SOIL IS NOT DIRT.
Soil is crucial in physically supporting the root system, retaining and purifying water, and a necessary role in the food web; it is home to thousands of bacteria, mycellum, fungi, protysts, animals and termites.
We discussed the main characteristics of soil;
1. Color (the darker the brown, the more nutritive)
2. Particle size (descending from gravel, to sand, to silt to clay)
3. Soil Texture (varying degrees of clay, sand and silt)
4. Soil Structure (varying ratios of air, water, mineral and organic matter)
5. Soil pH (nutrient availability is highest between 6 & 7)
We covered an extensive amount of soil scenarios, including urban challenges like lead, compaction and increased temperatures due to concrete. For lead contamination it is safe to eat from fruit bearing plants (tomatoes, peppers, beans...) but not to eat leaves/roots (things like mustard greens are intentionally used to absorb lead in the soil, so they are not edible).
Sarah also stressed the importance of composting, helping to add more organic matter to soil (a recommended 15 % for healthy soil) as well as using cover crops in between planting to keep soil in place/hydrated/and continuing the mineral cycle.
A Few Cardinal Rules:
-Always add compost to your soil.
-Test your soil. ribbon test* (for texture) + ph test
-Don't walk on it, it compacts it!
-Keep it covered! (leaf litter, straw, ground cover plants)
*how long of a ribbon can you form tells the texture!
med- sand + clay
I also wanted to add a little more info about the composting toilets I asked about. Tis a whacky and wonderful concept we could benefit from embracing. Not only is creating top soil one of the more pressing environmental concerns, but this utilizes the nutrients of human manure, closing the loop completely!!! with poop!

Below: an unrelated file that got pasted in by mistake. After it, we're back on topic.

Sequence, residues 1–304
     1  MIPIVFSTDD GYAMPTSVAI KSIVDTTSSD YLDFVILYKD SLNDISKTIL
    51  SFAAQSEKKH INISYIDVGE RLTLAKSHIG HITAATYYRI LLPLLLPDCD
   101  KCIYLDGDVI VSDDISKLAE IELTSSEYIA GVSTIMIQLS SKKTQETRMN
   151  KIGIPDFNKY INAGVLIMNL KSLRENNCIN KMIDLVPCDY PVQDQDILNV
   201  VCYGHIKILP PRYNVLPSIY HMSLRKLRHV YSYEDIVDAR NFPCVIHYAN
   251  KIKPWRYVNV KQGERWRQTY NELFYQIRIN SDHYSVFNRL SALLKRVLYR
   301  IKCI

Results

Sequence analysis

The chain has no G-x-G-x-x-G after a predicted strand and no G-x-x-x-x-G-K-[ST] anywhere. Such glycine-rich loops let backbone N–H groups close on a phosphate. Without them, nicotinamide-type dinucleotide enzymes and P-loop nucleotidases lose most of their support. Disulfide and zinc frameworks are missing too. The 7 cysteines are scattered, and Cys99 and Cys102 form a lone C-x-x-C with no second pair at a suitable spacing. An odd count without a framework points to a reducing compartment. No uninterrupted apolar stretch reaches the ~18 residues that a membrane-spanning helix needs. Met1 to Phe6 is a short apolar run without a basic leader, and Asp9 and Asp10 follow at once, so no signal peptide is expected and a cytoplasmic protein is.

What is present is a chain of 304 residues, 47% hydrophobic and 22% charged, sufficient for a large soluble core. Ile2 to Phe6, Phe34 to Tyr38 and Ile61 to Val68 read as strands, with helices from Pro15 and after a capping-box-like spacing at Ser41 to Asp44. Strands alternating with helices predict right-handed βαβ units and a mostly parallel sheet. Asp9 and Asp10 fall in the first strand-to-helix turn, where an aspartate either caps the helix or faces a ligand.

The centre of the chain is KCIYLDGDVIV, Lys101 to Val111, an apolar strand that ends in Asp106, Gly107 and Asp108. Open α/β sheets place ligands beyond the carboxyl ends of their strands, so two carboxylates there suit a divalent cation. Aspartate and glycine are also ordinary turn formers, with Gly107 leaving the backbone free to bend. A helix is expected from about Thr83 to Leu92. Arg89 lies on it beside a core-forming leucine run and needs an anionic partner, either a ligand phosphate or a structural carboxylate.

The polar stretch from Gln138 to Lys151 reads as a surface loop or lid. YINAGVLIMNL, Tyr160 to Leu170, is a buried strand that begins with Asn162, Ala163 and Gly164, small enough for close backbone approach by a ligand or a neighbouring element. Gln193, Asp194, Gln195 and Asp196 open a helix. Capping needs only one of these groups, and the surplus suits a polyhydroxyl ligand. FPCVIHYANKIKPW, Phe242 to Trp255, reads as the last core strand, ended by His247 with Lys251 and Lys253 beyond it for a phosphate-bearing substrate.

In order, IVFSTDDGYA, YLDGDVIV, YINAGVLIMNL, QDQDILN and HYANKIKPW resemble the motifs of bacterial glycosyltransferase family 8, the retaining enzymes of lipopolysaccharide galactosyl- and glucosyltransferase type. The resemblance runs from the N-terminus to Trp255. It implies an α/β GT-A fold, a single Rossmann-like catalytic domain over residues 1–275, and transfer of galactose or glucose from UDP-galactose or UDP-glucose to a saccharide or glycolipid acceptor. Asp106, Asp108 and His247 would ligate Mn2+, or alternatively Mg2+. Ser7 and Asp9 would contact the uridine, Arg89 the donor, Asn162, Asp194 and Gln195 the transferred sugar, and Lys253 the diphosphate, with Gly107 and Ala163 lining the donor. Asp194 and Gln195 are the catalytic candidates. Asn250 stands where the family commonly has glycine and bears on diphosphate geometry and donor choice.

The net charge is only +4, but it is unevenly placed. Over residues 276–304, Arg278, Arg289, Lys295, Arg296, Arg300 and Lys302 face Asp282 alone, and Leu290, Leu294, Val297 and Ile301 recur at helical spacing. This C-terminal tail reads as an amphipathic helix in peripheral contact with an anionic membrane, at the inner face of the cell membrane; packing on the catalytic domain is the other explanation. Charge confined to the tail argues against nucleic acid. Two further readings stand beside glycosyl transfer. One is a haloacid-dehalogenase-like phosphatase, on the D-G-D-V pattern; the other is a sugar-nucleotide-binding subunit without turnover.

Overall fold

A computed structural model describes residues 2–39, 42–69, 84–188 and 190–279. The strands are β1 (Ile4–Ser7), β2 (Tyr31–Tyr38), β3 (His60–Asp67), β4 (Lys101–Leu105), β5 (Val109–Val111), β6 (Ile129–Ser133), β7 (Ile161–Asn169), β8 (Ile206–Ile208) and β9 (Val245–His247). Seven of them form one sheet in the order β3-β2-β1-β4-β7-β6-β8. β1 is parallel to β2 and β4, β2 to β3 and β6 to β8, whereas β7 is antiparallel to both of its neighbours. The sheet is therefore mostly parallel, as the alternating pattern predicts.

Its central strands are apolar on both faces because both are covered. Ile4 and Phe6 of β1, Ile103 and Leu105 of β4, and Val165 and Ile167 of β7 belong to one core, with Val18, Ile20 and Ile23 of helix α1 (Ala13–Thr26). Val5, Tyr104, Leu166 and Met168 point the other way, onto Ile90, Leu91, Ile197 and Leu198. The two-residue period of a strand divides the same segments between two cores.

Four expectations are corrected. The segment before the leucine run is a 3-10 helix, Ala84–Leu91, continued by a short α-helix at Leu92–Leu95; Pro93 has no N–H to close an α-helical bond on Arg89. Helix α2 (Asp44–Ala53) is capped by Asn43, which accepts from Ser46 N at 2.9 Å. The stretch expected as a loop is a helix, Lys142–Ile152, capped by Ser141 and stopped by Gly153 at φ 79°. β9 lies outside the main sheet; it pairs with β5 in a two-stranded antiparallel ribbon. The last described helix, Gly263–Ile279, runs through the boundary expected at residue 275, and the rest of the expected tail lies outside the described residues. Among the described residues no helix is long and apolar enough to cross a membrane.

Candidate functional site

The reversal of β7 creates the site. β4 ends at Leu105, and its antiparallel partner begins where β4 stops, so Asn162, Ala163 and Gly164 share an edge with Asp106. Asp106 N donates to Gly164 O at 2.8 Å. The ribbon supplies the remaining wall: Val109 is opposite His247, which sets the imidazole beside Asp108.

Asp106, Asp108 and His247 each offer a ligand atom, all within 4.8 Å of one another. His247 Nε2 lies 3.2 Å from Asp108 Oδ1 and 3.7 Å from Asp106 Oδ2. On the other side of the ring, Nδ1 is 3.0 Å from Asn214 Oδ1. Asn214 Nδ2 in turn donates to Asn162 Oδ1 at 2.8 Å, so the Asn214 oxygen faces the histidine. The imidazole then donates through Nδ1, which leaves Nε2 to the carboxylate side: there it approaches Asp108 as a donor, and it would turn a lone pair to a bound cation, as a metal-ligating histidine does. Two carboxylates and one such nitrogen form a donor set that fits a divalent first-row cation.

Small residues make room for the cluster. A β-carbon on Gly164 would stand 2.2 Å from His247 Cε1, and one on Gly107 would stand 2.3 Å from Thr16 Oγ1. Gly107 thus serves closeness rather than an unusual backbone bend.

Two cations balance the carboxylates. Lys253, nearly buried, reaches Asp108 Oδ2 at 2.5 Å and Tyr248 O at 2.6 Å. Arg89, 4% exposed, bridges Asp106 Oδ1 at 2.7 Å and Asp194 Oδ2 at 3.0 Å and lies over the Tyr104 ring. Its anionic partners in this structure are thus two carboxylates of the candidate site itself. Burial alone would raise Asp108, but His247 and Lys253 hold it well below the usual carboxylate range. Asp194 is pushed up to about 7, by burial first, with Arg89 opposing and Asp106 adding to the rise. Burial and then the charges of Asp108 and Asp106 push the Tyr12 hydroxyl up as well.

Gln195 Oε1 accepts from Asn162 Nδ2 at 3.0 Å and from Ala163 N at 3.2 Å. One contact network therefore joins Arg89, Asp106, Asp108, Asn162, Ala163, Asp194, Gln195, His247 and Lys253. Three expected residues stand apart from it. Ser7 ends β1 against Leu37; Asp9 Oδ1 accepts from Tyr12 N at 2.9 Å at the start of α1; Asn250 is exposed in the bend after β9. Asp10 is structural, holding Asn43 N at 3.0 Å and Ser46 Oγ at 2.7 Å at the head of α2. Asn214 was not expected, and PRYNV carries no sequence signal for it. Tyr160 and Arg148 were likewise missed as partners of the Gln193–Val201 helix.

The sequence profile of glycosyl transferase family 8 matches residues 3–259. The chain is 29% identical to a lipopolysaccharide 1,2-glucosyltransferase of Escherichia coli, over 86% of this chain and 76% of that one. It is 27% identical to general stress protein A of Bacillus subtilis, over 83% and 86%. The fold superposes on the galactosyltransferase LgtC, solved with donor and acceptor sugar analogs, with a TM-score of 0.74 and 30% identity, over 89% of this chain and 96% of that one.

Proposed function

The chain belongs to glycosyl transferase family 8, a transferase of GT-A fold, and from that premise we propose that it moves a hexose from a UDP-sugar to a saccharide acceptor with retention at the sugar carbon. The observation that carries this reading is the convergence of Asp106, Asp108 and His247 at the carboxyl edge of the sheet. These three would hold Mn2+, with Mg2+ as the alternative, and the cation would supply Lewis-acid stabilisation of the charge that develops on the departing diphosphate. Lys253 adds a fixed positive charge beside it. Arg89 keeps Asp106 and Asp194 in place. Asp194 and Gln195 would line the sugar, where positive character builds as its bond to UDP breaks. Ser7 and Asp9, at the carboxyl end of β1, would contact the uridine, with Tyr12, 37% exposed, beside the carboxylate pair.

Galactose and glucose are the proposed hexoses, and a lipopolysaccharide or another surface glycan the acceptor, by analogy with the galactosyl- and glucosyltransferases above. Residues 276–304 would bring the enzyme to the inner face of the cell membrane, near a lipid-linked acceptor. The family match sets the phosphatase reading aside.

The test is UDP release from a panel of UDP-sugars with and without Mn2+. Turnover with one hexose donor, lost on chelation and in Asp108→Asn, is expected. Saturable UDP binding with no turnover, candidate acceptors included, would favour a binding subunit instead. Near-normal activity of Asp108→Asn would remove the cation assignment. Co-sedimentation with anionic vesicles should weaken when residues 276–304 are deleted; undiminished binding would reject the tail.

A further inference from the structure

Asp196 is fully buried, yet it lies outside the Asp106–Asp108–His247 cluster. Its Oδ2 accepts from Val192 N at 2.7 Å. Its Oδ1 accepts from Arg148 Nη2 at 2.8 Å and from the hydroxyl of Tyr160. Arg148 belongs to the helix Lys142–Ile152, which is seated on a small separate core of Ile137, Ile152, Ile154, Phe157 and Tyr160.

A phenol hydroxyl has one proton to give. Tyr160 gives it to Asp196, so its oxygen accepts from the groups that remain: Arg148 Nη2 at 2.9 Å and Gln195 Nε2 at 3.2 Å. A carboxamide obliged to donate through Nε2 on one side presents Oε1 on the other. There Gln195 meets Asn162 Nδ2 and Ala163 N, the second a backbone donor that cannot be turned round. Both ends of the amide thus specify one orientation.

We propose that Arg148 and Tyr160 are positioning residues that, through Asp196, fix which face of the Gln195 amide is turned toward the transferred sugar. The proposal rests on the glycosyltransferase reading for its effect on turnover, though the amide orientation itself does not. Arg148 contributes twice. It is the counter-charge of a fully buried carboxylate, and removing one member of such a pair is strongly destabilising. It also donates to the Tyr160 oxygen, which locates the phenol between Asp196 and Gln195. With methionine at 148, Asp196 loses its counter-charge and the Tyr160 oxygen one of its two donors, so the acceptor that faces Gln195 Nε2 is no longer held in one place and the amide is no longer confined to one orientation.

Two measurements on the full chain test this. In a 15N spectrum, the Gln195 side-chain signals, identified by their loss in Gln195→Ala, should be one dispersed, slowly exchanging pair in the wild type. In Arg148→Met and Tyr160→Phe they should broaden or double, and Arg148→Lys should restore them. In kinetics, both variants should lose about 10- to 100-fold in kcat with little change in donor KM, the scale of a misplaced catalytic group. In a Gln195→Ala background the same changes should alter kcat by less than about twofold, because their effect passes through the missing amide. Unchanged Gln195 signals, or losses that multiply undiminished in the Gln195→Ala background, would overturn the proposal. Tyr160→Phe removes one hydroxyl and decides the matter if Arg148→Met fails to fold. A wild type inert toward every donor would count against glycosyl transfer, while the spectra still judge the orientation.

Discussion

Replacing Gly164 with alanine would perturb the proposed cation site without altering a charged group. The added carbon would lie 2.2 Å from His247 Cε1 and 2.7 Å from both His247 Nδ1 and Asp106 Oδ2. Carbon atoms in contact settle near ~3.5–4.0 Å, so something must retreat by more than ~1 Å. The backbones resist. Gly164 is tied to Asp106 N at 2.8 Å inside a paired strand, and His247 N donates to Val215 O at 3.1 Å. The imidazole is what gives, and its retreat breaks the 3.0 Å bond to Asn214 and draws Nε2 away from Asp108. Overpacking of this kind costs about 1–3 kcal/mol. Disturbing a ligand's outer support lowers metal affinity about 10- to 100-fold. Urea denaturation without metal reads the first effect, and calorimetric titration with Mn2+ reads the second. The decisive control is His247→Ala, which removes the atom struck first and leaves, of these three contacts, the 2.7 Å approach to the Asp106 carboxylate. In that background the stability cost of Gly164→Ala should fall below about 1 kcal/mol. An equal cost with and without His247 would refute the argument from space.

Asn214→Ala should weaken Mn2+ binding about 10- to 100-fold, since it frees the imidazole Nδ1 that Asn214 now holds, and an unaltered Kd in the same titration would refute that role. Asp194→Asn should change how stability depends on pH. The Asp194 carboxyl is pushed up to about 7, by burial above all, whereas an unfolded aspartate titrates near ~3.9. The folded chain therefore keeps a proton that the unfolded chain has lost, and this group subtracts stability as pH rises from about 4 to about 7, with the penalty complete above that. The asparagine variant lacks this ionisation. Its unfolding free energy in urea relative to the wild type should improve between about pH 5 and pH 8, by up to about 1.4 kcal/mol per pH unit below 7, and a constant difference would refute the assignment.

here is a diagram
Here are pictures of ones I had the pleasure of using at IPEC, in Brazil.
raised off the ground, this is one of 2 in this structure.
and collected periodically in the back. At certain phases each toilet would be out of use before it was collected from.
look em up! they're not as wierd as they sound...
followed by a presentation from Meme of Baltimore Honey.
Baltimore Honey is a group of dedicated beekeepers making the world a better place one hive at a time. They run Community Supported Apiaries where you can pay to support their cause annually and benefit from their honey or join to be a beehive host on qualifying properties. They are helping fortify the bee population and decrease CCD (Colony Collapse Disorder) as well as contribute to the overall pollination of our area.
Highlights were learning about the nutritive properties of honey, the industry of pollination and the fascinating social structure of bees:
worker bees (her daughters) + drones (her sons).
within the worker bees are countless roles, we heard just a few:
Attendant Bees- clean
House Bees- take pollen to builder bees
Builder Bees- build
Repair Bees- duh
Field Bees- collect pollen
Nurse Bees -feed babies
Mortician Bees- dead bee removal
Guard Bees- man the gates.
and more.... pretty amazing....
also fascinating was the explanation of
propolis-(bee glue) nature's antibiotic, antibacterial, anti fungal miracle substance. look it up!
avoid buying mass produced as well as monocropped honey, be against commercial pollination, and raise more bees!